In these elections, liberal Prime Minister Justin Trudeau faces the New Democratic Party (NDP) leader Jagmeet Singh and the Conservative Party (CP) leader Erin O’Toole, who is seen to be his greatest opponent.
Trudeau, who has held in office since 2015, is framing this election as a referendum on his pandemic leadership. “We’ve had your back. Now it’s time to hear your voice,” Trudeau said when announcing his administration’s decision to hold a snap election, with which they seek to recover the absolute majority in the Lower House to get legislation passed without relying on the opposition’s support.
However, polls of voting intention announce a technical tie between conservatives and liberals. So far, the Liberal Party (PL) has a voting intention of 31,5 percent, while the CP has a ballot preference of 31 percent.
Trudeau’s opponents have been calling him out for holding the election during a fourth wave of the COVID-19 pandemic, which has already caused 27,395 deaths in this country. However, they rejected his plan to establish compulsory vaccination for travelers and boosting mass vaccination in the country.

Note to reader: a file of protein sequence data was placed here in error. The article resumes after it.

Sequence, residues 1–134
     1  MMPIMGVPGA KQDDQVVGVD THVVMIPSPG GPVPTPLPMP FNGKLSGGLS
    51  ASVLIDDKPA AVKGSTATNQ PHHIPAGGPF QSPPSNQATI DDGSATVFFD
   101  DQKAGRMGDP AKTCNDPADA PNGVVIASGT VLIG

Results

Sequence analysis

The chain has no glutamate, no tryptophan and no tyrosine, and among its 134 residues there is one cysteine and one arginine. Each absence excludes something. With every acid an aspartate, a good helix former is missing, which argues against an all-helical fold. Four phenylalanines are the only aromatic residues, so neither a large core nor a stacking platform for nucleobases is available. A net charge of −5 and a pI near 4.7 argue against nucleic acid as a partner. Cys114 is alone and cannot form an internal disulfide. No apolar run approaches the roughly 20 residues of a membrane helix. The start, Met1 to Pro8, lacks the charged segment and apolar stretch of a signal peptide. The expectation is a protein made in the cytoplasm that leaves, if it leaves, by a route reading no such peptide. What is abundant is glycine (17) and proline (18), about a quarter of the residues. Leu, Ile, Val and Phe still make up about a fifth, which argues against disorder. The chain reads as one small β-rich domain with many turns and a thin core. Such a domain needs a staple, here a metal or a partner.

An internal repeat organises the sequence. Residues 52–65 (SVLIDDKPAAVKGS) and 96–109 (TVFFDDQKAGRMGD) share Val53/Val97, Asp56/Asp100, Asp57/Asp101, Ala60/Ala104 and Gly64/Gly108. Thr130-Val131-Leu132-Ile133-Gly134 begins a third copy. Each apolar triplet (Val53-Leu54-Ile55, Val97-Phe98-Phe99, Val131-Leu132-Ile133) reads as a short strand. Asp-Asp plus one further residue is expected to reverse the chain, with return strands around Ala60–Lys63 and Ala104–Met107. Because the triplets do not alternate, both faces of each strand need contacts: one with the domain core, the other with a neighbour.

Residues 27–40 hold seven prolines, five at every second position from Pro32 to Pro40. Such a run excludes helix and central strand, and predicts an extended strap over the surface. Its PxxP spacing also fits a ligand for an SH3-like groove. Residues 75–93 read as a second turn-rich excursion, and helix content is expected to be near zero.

Climate justice has also been a relevant issue in the electoral campaign, given that the effects of temperature changes are disproportionately affecting Indigenous communities and their traditional territories.
The Trudeau administration plans to ban certain single-use plastics and set binding emissions targets to reach net-zero emissions in 2050. The CP militants rejected this plan, stressing that they would replace their carbon pricing system with a maximum charge of up to US$39 per tonne for consumers instead.
The major parties have also focused on the cost of living in Canada since home prices have jumped at least 30 percent year over year, affecting vulnerable communities across the country.